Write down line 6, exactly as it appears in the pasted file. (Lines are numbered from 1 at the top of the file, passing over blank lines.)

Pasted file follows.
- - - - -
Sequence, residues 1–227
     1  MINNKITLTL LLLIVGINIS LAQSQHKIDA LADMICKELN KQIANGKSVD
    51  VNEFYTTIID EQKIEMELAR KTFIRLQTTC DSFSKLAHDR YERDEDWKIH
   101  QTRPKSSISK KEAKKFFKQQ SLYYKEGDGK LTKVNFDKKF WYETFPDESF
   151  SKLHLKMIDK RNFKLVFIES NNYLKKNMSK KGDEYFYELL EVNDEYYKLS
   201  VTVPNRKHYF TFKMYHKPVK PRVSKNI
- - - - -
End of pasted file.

   201  VTVPNRKHYF TFKMYHKPVK PRVSKNI